The race to reading at grade level

Imagine if you will, thousands of young Idaho children at a state track meet. They are anxiously waiting for their race to begin.

The finish line for every student is to be able to read at grade level with their peers at the end of the third grade.

Now imagine, that just before the race begins, some students are not allowed to line up at the starting line with the others, but instead have to begin the race 10 yards behind their peers. Other children are moved even further back to start 15 or even 20 yards behind.

Given these challenging impediments, would it be fair to expect that all the children cross the finish line at the same time?

This is exactly what happens when we deprive students of the opportunity for preschool education. Without the benefit of preschool, children often start kindergarten without knowing their letters, colors, shapes or how to properly interact with their peers in a group setting, all important prerequisites for early reading development.

To make matters worse, many of these children come from low socio-economic / impoverished backgrounds and far too many from challenging home environments.

Without the benefit of preschool, hundreds of Idaho children are starting far behind their peers in kindergarten. Herculean efforts are then required by kindergarten teachers and support staff to try to help these children make up for lost ground.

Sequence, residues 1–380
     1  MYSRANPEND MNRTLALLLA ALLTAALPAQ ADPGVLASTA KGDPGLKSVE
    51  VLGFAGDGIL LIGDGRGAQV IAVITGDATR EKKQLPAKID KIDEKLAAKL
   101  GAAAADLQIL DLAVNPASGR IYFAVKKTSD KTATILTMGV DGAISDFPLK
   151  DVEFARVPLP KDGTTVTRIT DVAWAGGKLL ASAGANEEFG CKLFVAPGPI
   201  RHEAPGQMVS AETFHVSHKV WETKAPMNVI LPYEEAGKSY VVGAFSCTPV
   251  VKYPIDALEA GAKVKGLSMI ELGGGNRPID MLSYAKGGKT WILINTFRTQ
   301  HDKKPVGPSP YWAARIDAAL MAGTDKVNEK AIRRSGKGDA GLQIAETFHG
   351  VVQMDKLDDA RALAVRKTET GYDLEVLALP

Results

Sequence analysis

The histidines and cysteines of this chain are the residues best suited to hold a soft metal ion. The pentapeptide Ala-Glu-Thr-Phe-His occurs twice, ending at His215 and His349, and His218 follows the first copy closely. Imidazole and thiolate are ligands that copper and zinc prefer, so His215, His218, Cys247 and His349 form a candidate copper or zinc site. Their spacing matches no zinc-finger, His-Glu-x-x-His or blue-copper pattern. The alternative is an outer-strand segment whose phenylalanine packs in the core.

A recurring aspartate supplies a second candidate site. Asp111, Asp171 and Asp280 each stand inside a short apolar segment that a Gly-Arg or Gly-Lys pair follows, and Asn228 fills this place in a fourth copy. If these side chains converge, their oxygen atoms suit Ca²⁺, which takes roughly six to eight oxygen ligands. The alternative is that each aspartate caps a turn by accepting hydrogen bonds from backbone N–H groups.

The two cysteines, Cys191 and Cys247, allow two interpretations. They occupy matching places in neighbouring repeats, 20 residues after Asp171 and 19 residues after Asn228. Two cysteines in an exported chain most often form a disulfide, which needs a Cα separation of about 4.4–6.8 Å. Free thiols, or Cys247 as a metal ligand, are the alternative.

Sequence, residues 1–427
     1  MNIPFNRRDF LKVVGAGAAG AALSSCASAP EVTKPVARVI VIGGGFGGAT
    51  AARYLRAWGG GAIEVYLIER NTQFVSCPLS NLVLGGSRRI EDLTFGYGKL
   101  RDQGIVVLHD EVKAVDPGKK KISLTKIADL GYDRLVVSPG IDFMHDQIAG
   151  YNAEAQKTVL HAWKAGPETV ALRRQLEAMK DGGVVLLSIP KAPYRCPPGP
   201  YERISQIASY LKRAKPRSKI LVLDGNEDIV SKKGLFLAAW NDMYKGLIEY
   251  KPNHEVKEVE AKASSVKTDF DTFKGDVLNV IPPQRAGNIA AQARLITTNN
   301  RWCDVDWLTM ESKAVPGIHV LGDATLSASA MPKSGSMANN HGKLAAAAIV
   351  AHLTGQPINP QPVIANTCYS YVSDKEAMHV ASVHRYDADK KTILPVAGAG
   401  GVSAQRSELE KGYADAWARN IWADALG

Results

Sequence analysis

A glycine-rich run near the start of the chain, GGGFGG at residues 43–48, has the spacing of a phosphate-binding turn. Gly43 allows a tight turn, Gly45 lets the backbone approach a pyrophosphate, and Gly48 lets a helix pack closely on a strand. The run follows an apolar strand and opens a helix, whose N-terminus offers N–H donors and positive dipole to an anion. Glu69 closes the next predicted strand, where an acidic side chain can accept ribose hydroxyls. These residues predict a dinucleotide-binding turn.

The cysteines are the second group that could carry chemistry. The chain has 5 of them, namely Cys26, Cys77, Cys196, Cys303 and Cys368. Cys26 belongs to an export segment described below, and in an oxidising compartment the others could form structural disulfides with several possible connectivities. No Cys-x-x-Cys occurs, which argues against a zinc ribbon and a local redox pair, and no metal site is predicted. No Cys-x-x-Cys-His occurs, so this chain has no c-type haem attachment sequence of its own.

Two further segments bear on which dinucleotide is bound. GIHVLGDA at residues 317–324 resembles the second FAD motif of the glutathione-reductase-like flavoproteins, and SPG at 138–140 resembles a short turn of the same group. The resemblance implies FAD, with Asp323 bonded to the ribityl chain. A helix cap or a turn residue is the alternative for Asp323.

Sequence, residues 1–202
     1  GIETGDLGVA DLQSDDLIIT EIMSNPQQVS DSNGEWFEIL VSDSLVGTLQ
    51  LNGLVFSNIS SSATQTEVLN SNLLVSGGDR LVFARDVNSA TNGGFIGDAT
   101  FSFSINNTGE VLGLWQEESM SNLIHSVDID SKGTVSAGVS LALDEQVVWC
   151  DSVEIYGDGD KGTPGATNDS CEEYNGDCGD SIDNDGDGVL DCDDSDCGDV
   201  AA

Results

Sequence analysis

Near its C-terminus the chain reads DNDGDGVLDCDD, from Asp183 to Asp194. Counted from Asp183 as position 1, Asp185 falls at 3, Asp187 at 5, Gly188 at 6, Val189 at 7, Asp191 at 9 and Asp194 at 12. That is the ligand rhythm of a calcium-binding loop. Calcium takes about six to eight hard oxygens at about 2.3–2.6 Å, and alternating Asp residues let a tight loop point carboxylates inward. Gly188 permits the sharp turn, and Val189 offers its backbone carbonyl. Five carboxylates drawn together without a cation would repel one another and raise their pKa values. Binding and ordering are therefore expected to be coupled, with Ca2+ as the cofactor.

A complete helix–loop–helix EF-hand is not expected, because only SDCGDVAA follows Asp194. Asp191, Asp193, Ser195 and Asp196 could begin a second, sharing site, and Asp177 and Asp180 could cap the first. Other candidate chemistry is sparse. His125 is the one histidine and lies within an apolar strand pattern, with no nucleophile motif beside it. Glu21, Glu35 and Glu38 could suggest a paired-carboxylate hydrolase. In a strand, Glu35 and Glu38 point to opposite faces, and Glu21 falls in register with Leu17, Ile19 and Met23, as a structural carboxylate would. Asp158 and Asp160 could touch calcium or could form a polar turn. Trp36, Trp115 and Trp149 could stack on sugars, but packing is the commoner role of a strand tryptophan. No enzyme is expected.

Tragically, some never do and spend their K-12 years working to catch up.

Given the state’s incredible financial surplus, Idaho can afford to facilitate a pilot project in which we fund preschool for 20 or so of the lowest performing schools on the fall kindergarten Idaho Reading Indicator (IRI). In 2021, the Idaho elementary school “ready to read” percentage was 42%, meaning 58% entered kindergarten lacking the needed skills. In the pilot schools, over 80% of entering kindergartners missed the “ready to read” benchmark.

The pilot would measure the impact of high-quality instruction on preschool students whose parents elect to participate. Even in such a small pilot project, we are confident we would  demonstrate success and see hundreds of our most vulnerable students receive the academic assistance they need, thereby moving them up to the starting line in time to start the race with the other children.

Our children are worth this investment.

Sincerely,

Don Coberly, Teresa Fabricius, Wil Overgaard and Geoff Thomas

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